The mission of Rise Up And Register, based in Alexandria, Virginia, as stated on its Facebook page is to “register over one million new voters this year to help become part of the solution to saving our great nation.” The organization does not promote any specific party or candidate, nor does it promote any religious beliefs in and of itself. The organization’s website has a link for those interested in having Koch speak at their church, but does not promote this as a ministerial outreach; rather, it is designated as an effort toward voter registration.
Koch is open about his faith. As noted on his website, “The 2012-2013 NASCAR Season is all about reaching out to NASCAR fans with the message of the Gospel. Blake will be speaking and sharing his testimony in churches all across America. Blake is strong encouragement to young and old and he shares the challenges of Christian life as a top NASCAR driver, and the ultimate victory in Christ.”
FOX, which televises the first thirteen NASCAR Sprint Cup races of the season, has run the ad during its broadcasts.
ESPN’s decision is curious in light of both the open embrace of faith NASCAR permits at every race, with chapel events for the drivers on race morning and an opening prayer prior to the National Anthem before the race gets underway, and ESPN’s own spotty record when it comes to its broadcasters making their political views known. In August of last year, golf analyst Paul Azinger was publicly scolded for criticizing President Obama on Twitter, yet a tweet two months earlier by SportsCenter anchor Kenny Mayne stating “almost rammed car with palin bumper sticker. with intent.. held up..coulda been kids in car” passed without comment from the network.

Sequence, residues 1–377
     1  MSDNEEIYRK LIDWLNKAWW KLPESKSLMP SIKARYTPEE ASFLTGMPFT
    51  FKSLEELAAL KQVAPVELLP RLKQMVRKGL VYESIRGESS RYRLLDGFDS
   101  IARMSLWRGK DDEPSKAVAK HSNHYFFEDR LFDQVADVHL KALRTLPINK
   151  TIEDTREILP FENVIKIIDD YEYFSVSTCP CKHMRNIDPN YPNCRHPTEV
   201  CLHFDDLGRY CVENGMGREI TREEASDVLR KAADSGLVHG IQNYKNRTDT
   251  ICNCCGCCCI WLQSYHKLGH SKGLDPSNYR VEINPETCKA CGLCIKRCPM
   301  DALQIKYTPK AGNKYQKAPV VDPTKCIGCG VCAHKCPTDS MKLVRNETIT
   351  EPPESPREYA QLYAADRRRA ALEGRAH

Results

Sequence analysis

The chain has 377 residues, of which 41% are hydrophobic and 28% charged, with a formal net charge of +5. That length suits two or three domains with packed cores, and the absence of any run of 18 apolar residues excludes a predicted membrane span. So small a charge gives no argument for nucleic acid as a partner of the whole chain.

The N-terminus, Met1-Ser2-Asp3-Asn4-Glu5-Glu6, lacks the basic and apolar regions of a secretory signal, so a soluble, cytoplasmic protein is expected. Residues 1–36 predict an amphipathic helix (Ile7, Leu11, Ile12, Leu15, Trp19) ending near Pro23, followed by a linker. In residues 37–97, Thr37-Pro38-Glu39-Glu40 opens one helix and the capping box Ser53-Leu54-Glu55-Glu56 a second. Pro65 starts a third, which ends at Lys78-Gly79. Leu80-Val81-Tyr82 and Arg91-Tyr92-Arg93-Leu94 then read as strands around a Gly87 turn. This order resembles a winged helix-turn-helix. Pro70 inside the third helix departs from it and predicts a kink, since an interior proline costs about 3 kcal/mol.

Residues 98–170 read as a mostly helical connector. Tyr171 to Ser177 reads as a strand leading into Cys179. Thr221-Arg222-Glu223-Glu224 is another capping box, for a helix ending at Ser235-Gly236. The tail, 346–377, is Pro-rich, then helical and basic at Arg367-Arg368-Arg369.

Koch, who with his wife Shannon is expecting the birth of a son in the next few months, is currently twentieth in the NASCAR Nationwide Series points standings.
Danica Patrick talks with crew chief Greg Zipadelli before the Gatorade Duel at Daytona International Speedway. (Photo Credit: Jared C. Tilton/Getty Images for NASCAR)
As has been noted before, the Danica Patrick debate makes any given dissent along party lines in Congress seem like a tea social among royalty. Yesterday and today have made it even hotter.
Yesterday, in the first Gatorade Duels race Danica put in a solid, cautious showing. Hugging the low line throughout, while she never made a mad dash to the front she never put herself in danger of being booted out of line and looked set for a solid top ten finish until the last lap, when a squirrely Jamie McMurray bumped into Aric Almirola who in turn bumped into Danica, sending her flying into the inside wall in a fearsome crash. Not her fault.
Today, she won the pole for tomorrow’s Nationwide race. Which means far more than having a fast car. It means hitting your marks, choosing the right line and simultaneously pushing it to the max while not overdriving or going over the edge.
You know… things that skilled drivers do?
Yet even with this, the Danica naysayers are thicker than flies on horse manure. She can’t drive. It’s all the equipment. She’s nothing but a product of media hype. Which is, of course, why Dale Earnhardt Jr. and Tony Stewart are putting her in their cars. Because, you know, not a lick of racing skill or common sense between the two of ‘em. Strictly for the show, those silly boys. (Yes, I am being sarcastic.)